This is our blog dedicated to our Kitchen Renovation. We bought our 1940’s Cape Cod style house, our first home, in January 2010. We had an inspection and while it found a lot of important issues, we failed to look into each and every cabinet (I think you know where this is going…). The cabinets had holes that had no real functional purpose since they didn’t line up.
Fast forward to moving day. My family came to help us clean and move everything in. We took out all the drawers, cleaned and lined with cork. My sister was cleaning the upper cabinets (the small ones) and that’s when we found mold at the corner of the house. Further investigation into the attic revealed that it was probably a leak in the roof and probably why was replaced in 2005.
I turned to the internet and searched about mold and the holes in our cabinetry and they were a way to try and salvage the kitchen cabinets – super! To top it off, most of the reviews said this doesn’t work. I cleaned them with soap and water and used Mold Control spray (bleach is not necessarily recommended, it can be more toxic to the person using it since you are working in small spaces).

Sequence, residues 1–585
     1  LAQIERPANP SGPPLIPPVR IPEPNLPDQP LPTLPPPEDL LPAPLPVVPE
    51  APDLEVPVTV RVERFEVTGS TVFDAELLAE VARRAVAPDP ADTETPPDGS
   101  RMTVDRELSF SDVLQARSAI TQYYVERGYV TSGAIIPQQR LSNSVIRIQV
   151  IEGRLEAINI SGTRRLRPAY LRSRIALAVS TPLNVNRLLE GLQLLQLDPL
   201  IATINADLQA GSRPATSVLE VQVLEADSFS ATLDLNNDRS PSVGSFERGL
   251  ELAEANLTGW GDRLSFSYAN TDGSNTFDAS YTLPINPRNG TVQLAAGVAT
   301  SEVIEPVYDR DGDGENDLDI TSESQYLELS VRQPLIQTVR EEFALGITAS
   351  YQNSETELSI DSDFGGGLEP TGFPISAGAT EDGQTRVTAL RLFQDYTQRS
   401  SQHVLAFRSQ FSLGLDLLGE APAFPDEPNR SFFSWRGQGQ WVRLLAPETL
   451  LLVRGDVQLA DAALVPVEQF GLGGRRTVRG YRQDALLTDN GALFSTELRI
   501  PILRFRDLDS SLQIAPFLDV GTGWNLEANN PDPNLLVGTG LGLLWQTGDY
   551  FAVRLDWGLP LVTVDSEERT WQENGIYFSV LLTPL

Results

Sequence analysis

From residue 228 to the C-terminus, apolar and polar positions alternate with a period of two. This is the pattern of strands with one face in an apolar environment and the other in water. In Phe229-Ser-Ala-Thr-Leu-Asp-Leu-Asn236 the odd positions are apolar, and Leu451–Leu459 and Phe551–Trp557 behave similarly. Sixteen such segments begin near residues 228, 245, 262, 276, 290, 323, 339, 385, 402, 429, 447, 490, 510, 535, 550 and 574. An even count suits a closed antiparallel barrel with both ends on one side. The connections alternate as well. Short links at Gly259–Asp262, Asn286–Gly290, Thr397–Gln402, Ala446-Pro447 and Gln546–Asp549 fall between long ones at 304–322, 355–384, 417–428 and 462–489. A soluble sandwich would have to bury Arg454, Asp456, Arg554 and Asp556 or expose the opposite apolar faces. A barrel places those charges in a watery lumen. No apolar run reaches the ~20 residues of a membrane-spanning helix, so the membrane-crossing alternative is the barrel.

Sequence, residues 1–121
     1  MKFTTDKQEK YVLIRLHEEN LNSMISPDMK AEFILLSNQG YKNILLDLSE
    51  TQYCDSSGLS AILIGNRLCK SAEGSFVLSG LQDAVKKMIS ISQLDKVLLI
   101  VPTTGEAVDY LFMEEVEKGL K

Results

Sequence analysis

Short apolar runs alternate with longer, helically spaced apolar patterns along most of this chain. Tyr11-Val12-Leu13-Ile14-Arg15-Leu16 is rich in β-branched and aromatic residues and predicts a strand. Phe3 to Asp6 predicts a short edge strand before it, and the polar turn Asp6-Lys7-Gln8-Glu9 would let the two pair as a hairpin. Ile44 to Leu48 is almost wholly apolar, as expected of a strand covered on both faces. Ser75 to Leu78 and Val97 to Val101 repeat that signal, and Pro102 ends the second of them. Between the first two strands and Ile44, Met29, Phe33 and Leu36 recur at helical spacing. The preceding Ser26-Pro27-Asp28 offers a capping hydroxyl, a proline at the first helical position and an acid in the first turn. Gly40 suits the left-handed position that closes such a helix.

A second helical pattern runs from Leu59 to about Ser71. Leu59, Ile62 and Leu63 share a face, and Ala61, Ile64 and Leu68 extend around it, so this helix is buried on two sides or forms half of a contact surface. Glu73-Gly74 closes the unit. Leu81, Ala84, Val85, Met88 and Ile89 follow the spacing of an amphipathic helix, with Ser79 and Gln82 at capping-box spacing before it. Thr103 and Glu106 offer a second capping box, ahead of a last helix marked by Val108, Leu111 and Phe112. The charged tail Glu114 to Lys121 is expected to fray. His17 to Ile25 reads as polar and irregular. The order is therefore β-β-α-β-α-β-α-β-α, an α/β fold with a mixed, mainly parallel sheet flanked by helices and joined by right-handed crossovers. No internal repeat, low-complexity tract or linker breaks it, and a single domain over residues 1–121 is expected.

Now it’s summer 2010… Musty smells are present and I just can’t work in our kitchen without feeling that this isn’t good for our health or my sanity. I also can’t use all the cabinets. DampRid really helped but I won’t use all the cabinets so they need to go. We had hoped we’d get 3 more years out of these 50+ year cabinets so we could build a master suite upstairs (another DIY project) but I couldn’t do it. We haven’t had more mold develop but who knows what we’ll uncover once we take down the walls and cabinetry.
Now we’re doing a kitchen renovation that we had hoped we’d be able to save for over the years and be able to spend more on materials. What is our budget now??? $8,000. This includes new floor, new walls, new cabinets, new electrical, new plumbing (staying in the same spot, no pot filler over the oven), new counter top, new lighting,
in wall heater, a dishwasher and plenty of functionality. We’ve priced out everything and we’re cutting it close. Follow us on our journey to see how we can make this budget stretch and still have a kitchen that will last.